18.         sourcePixelRegion.ForEachRow((index, width, position) =>
  19.         {
  20.             for (int x = 0; x < width; ++x, ++index)
  21.             {
  22.                 uint currentPixel = sourcePixels[index]; // get the current pixel
  23.                 uint alpha = (currentPixel & 0xff000000) >> 24; // alpha component
  24.                 uint red = (currentPixel & 0x00ff0000) >> 16; // red color component
  25.                 uint green = (currentPixel & 0x0000ff00) >> 8; // green color component
  26.                 uint blue = currentPixel & 0x000000ff; // blue color component
  27.  
  28.                 red = (uint)Math.Max(0, Math.Min(255, (red + m_Brightness)));
  29.                 green = (uint)Math.Max(0, Math.Min(255, (green + m_Brightness)));
  30.                 blue = (uint)Math.Max(0, Math.Min(255, (blue + m_Brightness)));
  31.  
  32.                 uint newPixel = (alpha << 24) | (red << 16) | (green << 8) | blue; // reassembling each component back into a pixel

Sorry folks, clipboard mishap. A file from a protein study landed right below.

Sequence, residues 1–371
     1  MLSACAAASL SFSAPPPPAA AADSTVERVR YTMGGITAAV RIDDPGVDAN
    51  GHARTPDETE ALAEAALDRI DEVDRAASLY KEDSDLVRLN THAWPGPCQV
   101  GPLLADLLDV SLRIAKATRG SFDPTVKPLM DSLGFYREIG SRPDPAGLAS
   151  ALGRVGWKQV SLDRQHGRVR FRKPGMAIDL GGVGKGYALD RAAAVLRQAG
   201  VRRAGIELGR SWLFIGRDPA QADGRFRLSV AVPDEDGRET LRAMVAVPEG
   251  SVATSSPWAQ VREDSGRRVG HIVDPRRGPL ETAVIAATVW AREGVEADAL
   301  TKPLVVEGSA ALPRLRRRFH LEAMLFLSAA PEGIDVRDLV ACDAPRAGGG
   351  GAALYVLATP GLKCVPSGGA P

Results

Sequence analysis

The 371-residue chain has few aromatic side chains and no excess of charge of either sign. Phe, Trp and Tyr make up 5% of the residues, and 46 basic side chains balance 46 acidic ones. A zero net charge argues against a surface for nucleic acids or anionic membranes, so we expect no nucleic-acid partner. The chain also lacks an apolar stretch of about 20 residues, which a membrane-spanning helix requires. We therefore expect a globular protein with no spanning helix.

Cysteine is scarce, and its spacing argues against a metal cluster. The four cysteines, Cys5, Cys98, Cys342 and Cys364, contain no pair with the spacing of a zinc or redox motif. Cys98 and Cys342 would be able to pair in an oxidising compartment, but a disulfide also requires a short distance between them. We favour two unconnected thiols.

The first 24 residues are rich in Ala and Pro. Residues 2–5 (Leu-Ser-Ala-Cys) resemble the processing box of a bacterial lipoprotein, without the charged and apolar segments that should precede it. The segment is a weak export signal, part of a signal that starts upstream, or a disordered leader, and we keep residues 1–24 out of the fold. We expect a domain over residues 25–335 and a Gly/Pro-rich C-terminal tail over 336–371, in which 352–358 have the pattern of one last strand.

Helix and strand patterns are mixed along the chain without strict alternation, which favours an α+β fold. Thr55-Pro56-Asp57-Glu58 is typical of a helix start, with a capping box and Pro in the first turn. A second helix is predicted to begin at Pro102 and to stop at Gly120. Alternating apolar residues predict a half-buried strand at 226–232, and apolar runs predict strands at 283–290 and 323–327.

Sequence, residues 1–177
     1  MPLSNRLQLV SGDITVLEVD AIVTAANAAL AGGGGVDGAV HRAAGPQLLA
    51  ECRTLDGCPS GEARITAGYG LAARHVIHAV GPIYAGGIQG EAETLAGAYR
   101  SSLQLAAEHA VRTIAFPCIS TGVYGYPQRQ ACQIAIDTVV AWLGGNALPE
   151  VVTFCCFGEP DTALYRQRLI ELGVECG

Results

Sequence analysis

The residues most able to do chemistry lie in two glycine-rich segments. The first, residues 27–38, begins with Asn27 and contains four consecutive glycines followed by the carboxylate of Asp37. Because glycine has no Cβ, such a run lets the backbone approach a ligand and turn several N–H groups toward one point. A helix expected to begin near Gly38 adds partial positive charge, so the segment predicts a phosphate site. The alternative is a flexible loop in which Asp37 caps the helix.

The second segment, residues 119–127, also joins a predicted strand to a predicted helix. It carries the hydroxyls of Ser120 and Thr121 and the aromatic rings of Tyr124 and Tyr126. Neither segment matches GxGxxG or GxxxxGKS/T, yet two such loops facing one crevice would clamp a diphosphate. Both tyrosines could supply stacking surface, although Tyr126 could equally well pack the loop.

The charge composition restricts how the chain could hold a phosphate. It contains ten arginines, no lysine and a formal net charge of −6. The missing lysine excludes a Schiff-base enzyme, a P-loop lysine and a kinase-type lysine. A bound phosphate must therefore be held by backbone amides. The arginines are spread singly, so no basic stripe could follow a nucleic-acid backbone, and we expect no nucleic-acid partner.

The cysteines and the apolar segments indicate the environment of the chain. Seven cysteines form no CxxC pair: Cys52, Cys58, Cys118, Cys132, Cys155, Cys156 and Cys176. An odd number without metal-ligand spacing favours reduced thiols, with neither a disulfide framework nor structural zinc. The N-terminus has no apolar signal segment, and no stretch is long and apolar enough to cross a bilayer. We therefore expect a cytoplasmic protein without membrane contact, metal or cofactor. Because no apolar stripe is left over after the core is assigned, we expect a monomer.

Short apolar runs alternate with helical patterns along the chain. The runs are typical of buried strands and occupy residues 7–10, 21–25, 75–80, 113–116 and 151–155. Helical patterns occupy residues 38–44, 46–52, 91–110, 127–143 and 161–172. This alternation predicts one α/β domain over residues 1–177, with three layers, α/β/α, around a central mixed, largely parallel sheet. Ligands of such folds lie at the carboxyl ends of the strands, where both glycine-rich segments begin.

33.                 targetPixels[index] = newPixel; // assign the newPixel to the equivalent location in the output image
  34.             }
  35.         });
  36.     }
  37. }

Color Adjust

Here's how you can adjust Color like you can with the ColorAdjustFilter in the Nokia Imaging SDK.

  1. using Nokia.Graphics.Imaging;
  2. using System;
  3.  
  4. public class ColorAdjust : CustomEffectBase
  5. {
  6.     private double m_red = 0;
  7.     private double m_green = 0;
  8.     private double m_blue = 0;
  9.  
  10.     public ColorAdjust(IImageProvider source, double red = 0, double green = 0, double blue = 0) : base(source)
  11.     {
  12.         m_red = red * 100;
  13.         m_green = green * 100;
  14.         m_blue = blue * 100;
  15.     }
  16.  
  17.     protected override void OnProcess(PixelRegion sourcePixelRegion, PixelRegion targetPixelRegion)
  18.     {